30th July marks the International Day of Friendship, promoting the relationship between peoples, countries, cultures and individuals that can build bridges between communities. In Ethiopia, ChildHope's partner CHADET is working closely with brothers and male peers to do just that; by setting up "Good Brothers Clubs" to talk through the barriers to education faced by girls. As Mustefa, the Secretary of the boys club in an elementary school of a kebele in Oromia, explains:
"The reason we have this Club is that girls face a lot of problems in this place. They have to work hard at home, and outside the home, and they aren't always able to come to school or study. Then they might be married off by their parents which means dropping from school completely."
"Good Brothers Clubs" advise other students and directly support girls through various activities, like raising money for education costs (e.g. uniforms and exercise books) for girls whose families can't afford them. Some "good brothers" are even helping girls to put on community performances themselves and are facilitating community conversations about gender and girls' education.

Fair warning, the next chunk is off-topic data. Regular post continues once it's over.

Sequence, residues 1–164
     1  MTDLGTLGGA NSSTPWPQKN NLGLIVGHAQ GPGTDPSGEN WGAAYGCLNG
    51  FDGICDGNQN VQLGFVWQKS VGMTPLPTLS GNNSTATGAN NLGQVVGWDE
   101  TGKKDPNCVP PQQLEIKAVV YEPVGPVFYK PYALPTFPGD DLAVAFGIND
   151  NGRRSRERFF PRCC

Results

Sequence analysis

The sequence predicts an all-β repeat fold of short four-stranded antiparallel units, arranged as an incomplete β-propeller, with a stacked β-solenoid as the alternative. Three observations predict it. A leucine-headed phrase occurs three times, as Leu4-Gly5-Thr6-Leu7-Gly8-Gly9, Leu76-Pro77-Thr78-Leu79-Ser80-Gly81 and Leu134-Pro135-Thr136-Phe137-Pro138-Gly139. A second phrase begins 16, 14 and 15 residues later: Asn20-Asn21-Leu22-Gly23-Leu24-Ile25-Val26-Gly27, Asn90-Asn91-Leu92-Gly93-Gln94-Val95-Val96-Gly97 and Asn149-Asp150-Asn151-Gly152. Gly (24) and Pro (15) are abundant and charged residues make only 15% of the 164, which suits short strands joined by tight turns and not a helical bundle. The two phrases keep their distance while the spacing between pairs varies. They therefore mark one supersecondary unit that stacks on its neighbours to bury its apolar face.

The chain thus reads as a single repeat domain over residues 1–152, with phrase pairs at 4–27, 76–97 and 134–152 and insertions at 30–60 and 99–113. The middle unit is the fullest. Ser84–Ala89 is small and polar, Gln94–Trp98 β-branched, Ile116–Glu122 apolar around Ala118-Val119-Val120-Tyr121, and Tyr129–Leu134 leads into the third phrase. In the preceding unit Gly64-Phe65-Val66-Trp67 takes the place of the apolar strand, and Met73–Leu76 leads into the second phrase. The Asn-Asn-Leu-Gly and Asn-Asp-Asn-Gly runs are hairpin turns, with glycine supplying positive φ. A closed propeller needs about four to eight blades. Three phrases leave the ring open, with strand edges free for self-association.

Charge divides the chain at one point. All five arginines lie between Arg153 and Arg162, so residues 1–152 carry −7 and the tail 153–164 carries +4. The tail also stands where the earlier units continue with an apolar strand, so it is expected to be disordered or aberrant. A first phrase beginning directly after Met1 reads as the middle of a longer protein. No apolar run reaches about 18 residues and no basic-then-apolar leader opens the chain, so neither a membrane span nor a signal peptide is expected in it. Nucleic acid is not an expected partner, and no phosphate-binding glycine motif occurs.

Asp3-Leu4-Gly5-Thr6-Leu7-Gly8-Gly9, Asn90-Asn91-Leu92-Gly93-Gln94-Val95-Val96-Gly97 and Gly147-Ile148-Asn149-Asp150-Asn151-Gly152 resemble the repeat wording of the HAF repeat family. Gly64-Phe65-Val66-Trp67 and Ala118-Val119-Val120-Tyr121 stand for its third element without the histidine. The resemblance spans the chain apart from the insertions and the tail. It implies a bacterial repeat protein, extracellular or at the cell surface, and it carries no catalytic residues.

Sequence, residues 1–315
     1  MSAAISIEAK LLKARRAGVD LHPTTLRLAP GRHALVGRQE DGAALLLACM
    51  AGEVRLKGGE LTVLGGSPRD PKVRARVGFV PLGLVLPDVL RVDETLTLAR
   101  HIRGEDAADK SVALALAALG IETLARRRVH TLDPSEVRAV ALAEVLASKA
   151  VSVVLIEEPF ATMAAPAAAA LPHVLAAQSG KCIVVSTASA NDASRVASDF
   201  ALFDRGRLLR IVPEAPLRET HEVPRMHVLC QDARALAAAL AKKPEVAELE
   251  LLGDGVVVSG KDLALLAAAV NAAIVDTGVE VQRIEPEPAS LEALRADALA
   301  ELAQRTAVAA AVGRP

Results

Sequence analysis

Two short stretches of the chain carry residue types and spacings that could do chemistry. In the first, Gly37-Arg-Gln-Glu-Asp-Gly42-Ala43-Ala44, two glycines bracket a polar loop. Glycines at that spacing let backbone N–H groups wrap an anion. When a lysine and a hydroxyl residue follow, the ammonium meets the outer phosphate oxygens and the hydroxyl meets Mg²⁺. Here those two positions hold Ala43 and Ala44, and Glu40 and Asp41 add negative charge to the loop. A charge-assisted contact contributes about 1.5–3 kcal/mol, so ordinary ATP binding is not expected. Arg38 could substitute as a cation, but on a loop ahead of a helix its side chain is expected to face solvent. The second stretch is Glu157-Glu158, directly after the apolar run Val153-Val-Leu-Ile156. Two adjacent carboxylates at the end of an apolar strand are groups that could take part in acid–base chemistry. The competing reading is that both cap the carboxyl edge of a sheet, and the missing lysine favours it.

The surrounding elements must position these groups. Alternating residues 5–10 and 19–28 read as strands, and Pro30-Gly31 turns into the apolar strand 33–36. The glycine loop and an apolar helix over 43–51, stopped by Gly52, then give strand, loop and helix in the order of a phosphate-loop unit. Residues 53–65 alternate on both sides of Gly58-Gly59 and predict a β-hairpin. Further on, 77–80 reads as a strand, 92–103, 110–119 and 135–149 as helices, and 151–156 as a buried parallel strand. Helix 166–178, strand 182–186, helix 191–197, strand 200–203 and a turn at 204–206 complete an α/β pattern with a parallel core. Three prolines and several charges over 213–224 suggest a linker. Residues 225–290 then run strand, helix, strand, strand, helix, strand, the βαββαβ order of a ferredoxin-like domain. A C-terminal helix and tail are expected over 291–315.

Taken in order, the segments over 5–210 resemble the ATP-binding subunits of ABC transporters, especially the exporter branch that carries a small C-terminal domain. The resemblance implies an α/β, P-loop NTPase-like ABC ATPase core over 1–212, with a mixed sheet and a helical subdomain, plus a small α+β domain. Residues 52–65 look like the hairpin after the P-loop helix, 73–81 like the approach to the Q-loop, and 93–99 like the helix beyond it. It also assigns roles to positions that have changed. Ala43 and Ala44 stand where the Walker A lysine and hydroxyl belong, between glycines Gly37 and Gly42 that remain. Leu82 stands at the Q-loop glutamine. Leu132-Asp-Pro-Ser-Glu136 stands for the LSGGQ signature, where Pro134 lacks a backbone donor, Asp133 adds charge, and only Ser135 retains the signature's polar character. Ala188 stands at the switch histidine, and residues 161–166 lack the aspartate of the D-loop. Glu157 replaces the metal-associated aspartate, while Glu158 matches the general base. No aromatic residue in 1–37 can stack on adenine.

The clubs have helped to increase understanding of key issues facing girls, like early marriage, risky migration, and house-hold labour, and devise ways to overcome them together. It illustrates the power of fostering friendships and communal understanding, and how in Ethiopia it is helping to overcome harmful social norms and change communities' attitudes towards girl's education:
"We're seeing change. If we'd seen no change then it would have been difficult, but things are really changing these days. Through the Club and the Life Skills classes our attitudes shifted, and now we train others in the school and in the community. We want to create a new generation with a better attitude." (Ahmed, treasurer of boys club in an elementary school of a kebele in Oromia)
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